SENATOR Barack Obama's campaign may have made a fatal blunder by focusing on alleged insensitive remarks by Senator Hillary Clinton about Martin Luther King and whether President Lyndon Johnson achieved more on civil rights.

As a Clinton supporter I was scratching my head wondering what on earth was offensive about pointing out that without Johnson providing the political muscle, King's extraordinary vision of equality for African Americans would never have been realized.

For a week or so, however, the argument raged on the airwaves about whether or not Clinton was deliberately sending a mixed message in order to bring up Obama's race as a campaign issue.

I think the record of the Clintons stands for itself when it comes to helping minorities, so much so that African American writer Toni Morrison once memorably described Bill Clinton as the first black president.

Anyone who has witnessed either the former president or first lady among black crowds will testify to the extraordinary affection and goodwill there is towards them.

It is hard to twist that record into something approaching racism, but that is precisely what the Obama people appeared to try to do after Hillary's remarks, and other remarks by Bill questioning Obama's record on the Iraq war.

The Obama camp made a basic mistake. The beauty of the Obama candidacy was that he appeared to be a candidate who broke all the moulds and was accessible across the racial and ethnic divides.

After the attacks on the Clintons we witnessed an immediate polarizing in the polls, with blacks flocking to his side and Clinton taking white and Latino votes. The Nevada caucuses showed that Clinton is much more likely to benefit from such a scenario.

Politics ain't beanbag, and Obama has got to expect that he will come under fire from the Clintons and John Edwards and anyone else who does not want to see him become the Democratic nominee. Playing the race card however, is not the way to combat the heat.

Obama is being helped to do so by a compliant media which makes no attempt to disguise their affection for him and their distaste for the Clintons.

Allegations of intimidation by rank and file union members in Las Vegas last weekend from union bosses who backed Obama were barely investigated in the mainstream media. Imagine that happening if it was Clinton that the Culinary Union had backed?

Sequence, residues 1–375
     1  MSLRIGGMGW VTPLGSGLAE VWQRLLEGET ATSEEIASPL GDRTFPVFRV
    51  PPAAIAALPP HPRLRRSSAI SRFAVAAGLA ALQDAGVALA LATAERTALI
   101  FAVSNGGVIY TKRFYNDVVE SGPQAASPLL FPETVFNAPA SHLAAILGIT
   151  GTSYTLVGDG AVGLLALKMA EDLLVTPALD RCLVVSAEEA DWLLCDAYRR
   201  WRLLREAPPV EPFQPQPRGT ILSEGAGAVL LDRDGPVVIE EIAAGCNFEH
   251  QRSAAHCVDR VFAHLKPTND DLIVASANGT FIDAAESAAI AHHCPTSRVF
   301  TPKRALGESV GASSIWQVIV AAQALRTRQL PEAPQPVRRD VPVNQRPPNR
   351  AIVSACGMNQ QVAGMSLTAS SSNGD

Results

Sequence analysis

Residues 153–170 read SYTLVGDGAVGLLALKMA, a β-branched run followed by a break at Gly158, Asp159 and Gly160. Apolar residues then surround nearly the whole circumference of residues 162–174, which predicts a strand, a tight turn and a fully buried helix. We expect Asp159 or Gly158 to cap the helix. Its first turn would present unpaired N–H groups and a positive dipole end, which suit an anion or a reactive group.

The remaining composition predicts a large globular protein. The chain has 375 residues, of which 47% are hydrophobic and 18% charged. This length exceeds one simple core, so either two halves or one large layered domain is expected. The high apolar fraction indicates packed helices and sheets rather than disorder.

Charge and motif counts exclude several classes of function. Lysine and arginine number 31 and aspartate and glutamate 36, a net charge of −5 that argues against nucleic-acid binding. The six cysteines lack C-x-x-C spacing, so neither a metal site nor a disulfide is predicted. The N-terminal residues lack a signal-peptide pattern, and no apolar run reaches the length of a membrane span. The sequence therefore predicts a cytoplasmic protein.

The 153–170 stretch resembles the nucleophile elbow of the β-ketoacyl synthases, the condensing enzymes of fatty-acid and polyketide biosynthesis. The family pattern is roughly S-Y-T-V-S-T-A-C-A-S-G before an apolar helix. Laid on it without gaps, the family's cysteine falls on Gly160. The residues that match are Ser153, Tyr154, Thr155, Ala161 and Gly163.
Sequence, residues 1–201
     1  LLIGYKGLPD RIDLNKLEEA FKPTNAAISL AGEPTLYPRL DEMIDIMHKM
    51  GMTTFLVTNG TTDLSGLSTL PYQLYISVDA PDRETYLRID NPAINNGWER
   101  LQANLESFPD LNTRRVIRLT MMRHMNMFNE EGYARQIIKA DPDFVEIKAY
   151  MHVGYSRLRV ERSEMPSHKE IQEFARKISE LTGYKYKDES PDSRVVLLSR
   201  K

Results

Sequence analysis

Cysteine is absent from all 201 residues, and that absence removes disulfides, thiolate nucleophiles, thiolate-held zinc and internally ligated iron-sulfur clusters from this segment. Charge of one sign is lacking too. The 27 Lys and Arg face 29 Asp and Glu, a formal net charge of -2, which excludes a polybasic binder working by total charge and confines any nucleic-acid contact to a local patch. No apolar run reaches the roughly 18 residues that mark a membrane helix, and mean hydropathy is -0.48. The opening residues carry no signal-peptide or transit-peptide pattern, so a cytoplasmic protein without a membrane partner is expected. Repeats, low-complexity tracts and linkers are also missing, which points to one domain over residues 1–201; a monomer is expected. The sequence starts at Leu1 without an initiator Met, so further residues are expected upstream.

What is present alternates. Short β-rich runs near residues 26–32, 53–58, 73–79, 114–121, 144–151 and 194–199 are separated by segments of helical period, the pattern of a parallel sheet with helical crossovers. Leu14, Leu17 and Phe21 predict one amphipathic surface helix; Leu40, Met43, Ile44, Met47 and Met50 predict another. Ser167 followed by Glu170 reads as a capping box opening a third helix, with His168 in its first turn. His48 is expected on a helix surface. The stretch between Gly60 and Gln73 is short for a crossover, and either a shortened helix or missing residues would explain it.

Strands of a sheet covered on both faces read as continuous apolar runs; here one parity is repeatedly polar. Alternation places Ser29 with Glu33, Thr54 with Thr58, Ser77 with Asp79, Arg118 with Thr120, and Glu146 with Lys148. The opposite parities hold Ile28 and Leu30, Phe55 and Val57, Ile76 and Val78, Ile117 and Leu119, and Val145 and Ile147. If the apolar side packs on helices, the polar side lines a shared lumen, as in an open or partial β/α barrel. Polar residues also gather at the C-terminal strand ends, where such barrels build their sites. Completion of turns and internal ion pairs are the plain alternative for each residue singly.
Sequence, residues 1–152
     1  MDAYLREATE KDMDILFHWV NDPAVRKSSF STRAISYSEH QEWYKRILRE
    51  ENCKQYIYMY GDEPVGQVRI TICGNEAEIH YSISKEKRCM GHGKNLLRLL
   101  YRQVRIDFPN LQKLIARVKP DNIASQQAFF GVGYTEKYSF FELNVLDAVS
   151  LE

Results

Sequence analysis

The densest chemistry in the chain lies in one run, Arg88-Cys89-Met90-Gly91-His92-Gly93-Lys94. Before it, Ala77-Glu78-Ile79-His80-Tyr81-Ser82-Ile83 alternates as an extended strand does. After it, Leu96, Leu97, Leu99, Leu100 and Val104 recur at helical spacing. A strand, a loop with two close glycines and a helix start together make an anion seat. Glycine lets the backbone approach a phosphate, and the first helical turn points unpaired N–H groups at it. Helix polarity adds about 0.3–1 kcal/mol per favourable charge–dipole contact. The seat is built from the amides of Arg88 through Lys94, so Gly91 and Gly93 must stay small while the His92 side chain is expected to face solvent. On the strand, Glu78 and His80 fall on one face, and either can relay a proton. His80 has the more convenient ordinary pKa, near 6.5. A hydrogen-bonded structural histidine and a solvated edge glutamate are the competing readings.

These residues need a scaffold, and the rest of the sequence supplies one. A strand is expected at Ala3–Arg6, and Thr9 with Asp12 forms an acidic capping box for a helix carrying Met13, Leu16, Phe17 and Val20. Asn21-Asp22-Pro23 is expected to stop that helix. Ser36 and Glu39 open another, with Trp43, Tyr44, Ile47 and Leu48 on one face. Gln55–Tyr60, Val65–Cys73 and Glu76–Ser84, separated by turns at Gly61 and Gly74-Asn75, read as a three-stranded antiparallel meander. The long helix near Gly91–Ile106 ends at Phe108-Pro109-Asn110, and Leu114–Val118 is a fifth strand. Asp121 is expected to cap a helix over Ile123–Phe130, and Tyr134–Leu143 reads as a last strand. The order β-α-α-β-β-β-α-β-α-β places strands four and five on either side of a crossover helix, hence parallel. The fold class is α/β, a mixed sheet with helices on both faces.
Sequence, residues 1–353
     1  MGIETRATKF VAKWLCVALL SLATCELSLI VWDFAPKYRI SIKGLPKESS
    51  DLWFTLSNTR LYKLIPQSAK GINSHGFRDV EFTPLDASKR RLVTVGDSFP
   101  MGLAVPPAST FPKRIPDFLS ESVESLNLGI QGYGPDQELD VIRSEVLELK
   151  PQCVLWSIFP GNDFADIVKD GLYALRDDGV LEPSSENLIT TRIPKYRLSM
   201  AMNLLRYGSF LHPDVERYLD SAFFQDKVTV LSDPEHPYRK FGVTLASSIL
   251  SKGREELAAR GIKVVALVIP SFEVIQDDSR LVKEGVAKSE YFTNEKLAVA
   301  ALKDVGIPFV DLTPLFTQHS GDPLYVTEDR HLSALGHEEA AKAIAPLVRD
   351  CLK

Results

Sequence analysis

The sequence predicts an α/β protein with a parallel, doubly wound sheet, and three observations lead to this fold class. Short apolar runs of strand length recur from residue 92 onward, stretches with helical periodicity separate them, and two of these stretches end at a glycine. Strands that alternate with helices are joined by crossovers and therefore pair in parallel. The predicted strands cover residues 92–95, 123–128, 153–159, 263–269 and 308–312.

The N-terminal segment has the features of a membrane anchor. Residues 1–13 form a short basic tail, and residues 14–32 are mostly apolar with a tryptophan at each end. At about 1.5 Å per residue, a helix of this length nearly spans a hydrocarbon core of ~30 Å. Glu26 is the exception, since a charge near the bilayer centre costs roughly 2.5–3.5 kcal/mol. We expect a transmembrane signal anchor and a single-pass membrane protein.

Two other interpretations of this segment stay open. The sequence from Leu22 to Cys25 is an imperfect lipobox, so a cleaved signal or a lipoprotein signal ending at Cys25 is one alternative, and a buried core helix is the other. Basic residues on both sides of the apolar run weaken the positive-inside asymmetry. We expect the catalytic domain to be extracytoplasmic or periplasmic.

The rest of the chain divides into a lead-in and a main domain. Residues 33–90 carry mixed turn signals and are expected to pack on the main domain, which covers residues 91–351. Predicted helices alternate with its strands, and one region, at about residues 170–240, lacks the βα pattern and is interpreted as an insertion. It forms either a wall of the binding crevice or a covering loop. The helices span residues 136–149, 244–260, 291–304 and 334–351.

When I was in New Hampshire that final fateful weekend before Clinton clawed back from certain defeat in the primary there, the love affair between Obama and the media clouded the latter's judgment to the extent that every one of the so-called "experts" called it wrong.

Yet it was evident that the Clinton crowds were just as enthused as the Obama ones and that Clinton, unlike Obama, was taking the time to answer every question asked instead of delivering inspirational remarks and taking no questions.

The Clintons will always seek to outwork, outthink and outmaneuver any presidential challenger, which is what appears to be happening now with Obama.

You can take on the Clintons on policy and how they used power when they were in the White House, but you cannot get away with hinting they are racist.

The incident shows that the Illinois senator is woefully short of real political experience. The notion that you require none, being pushed by his campaign, is truly fantastical. Would you entrust major surgery to a surgeon who had never done an operation?

Despite what you read in the newspapers, experience is actually a vital and needed commodity in politics. We see now that President George W. Bush did not have enough, especially in foreign affairs when he took over the Oval Office.

Obama has a Kumbaya message that we can all come together in perfect harmony someday in the U.S. That plays well with many, but it the kind of harmless sentiment that goes with naivety and inexperience.

Do you really expect that in Washington, D.C., where protagonists use impeachment, personal attacks and foul tactics, will suddenly become a kinder, gentler place, taking cue from the Obama message? Little wonder some of his opponents have taken to calling him Obambi.